After the ban was imposed last year, various stakeholders entered discussions with the local government and sought clarification on what was allowed and what wasn’t. “The mayor and our district administration both went through the court order and the relevant rules,” explains Anwar. “After consultations with our lawyers, wall pastings were deemed legal. As was mobile advertising, where advertisements are placed on vans. The rest is all illegal.”
The distinction between legal and illegal advertising is important: the former is defined in terms of government-approved hoarding sites as well as payments being made in full for a stipulated period of time. The latter is either about licenses having lapsed or, about hoardings being erected without due process and therefore without handing the government its due in taxes.
“We believe that wall pastings are also illegal since the relevant laws do not apply here,” argues Zaidi of the KAA. “While the rest of the market was involved in advertising on skins, only a handful used vinyl stickers.” Skins could be produced faster and therefore most vendors imported and operated machines that could churn skins at a fast rate. When the ban on billboards and hoardings came, those associated with the production end of the industry found themselves in no man’s land.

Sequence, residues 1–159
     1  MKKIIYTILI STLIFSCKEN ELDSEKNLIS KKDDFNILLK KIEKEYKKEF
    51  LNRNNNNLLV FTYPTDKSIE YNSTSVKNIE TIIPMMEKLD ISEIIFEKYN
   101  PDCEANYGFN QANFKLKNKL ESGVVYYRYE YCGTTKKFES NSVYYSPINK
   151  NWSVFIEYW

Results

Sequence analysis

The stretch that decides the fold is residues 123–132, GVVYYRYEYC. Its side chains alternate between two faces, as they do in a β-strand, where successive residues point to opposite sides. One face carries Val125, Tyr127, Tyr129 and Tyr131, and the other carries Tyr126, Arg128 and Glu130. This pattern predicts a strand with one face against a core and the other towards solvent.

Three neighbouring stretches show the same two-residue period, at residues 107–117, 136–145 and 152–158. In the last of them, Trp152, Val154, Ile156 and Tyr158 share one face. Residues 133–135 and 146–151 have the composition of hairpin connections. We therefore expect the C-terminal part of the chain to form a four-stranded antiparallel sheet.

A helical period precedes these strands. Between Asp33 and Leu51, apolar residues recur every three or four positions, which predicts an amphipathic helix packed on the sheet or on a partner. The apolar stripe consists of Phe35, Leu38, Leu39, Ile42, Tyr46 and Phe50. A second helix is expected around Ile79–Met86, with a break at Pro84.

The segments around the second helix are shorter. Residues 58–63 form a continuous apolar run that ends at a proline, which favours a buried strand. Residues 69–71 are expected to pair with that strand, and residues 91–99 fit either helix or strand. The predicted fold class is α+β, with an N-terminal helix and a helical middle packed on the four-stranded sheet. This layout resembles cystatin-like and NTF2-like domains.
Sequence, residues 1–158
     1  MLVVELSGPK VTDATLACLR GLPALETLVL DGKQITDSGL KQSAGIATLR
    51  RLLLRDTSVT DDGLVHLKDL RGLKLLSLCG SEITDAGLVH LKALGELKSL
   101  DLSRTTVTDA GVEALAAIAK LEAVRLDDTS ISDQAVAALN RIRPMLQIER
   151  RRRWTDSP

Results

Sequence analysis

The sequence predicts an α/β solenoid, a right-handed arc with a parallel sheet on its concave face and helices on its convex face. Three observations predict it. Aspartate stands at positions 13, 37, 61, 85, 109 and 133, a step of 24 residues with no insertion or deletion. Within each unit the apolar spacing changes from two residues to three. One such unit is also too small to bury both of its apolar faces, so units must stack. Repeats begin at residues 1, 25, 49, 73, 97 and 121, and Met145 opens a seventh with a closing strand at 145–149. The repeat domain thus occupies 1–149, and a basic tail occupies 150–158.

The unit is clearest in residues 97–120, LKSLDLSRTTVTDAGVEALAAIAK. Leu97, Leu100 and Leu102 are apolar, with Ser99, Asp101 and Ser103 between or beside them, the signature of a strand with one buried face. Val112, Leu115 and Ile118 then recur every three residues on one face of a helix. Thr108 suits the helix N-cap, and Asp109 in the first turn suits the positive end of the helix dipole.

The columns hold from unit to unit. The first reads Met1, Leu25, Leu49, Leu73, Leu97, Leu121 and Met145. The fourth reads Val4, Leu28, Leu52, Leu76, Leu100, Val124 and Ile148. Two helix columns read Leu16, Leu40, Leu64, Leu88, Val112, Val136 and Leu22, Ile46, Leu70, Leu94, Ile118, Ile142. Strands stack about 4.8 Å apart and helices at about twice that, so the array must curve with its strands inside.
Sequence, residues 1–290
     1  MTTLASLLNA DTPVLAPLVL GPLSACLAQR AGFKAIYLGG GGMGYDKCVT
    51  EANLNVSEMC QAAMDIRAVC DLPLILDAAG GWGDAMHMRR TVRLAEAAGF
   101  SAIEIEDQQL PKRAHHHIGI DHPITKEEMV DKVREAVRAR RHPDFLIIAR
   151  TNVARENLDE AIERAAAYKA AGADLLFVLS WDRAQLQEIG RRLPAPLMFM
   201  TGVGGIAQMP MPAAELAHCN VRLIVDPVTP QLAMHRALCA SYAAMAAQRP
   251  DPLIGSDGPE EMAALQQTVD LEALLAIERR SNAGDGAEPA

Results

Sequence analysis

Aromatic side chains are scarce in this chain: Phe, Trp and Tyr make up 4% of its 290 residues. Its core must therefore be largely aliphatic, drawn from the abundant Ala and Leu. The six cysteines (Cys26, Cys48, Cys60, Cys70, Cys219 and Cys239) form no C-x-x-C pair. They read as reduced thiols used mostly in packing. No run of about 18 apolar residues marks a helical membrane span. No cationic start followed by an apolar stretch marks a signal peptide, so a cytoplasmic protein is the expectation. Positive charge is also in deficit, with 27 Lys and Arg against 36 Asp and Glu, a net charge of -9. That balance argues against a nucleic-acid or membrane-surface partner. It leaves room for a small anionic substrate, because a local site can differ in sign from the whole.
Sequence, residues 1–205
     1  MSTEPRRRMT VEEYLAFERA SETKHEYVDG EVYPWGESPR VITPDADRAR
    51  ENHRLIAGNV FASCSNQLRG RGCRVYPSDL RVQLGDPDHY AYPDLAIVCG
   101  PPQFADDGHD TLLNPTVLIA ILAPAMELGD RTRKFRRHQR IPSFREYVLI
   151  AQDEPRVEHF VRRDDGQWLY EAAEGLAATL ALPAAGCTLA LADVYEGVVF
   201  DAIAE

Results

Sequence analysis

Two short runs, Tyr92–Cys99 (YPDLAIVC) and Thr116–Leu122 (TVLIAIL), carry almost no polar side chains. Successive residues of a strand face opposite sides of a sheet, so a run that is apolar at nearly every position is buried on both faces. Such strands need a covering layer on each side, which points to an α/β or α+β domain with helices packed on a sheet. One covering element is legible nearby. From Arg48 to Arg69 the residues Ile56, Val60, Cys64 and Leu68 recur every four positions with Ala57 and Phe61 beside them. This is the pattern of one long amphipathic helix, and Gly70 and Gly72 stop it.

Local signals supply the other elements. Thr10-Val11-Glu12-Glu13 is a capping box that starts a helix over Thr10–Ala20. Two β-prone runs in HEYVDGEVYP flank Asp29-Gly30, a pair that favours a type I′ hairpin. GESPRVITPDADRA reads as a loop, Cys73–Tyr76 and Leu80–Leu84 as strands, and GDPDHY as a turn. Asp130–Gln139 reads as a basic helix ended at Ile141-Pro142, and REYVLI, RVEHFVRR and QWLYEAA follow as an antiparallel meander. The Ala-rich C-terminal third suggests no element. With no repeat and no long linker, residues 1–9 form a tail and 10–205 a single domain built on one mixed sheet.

Cognizant of the financial blow to the various municipalities, the Supreme Court tribunal at its March 14, 2017 hearing also sought financial records for the past five years from the federal, provincial and local governments which indicated how much revenue was collected from advertising alone. It has also asked for details of how this revenue was utilised.
Industry insiders are apprehensive, however, that once the Supreme Court checks compliance of its order once again, it will ban wall pastings too. “District East generates the most revenue but that also means that it has the greatest visibility over eyeballs,” says one insider. “After East declared that wall pastings were legal, others followed suit. And now you have the same overbearing presence of outdoor advertisement that was once associated with billboards.”